Most Ohioans who have been in a relationship may have found themselves in some sort of disagreement with their significant other. Many times, these arguments are settled, apologies are exchanged, and life goes on. In other instances, though, these disputes are ongoing and become abusive. Though when most people think of physical or emotional abuse they think of women victims, the truth of the matter is that men can be victims, too.
How can men be subjected to domestic violence? If a man's significant other uses insults to put him down, tries to control who he can see and how he can spend money, threatens the use of violence, physically strikes him, or forces him to engage in sexual acts against his will, then domestic violence may be occurring.
It is important to realize that emotional and physical abuse against men can occur in heterosexual and homosexual relationships. In homosexual relationships, the perpetrator may threaten to "out" the victim, meaning that he will tell others that the victim is gay, bisexual, or transgender. Regardless of the type of relationship, though, domestic violence is never acceptable. Though it may seem scary to speak out against it and seek help, real relief can be found via the legal system.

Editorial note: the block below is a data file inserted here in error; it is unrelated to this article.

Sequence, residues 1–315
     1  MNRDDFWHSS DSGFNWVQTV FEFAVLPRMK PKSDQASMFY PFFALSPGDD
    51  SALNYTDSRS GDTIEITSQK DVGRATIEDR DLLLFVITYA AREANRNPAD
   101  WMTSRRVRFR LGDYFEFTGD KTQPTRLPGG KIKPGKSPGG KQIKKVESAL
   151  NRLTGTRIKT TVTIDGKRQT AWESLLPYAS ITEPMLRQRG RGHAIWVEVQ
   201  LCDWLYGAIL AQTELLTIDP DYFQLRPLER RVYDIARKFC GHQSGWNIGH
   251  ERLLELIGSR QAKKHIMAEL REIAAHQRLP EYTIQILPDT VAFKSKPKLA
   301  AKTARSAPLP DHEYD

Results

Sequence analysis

An experienced family law attorney may be able to help a victim of domestic violence obtain the legal orders needed to ensure his safety. This may mean filing documents with the court and perhaps going to a hearing to explain why the protective order is necessary. Yet, those who are victimized should not be afraid to take an active role in their own safety. With the assistance of an attorney, they do not have to face the matter alone.
Source: Mayo Clinic, "Domestic violence against men: know the signs," accessed on Oct. 24, 2015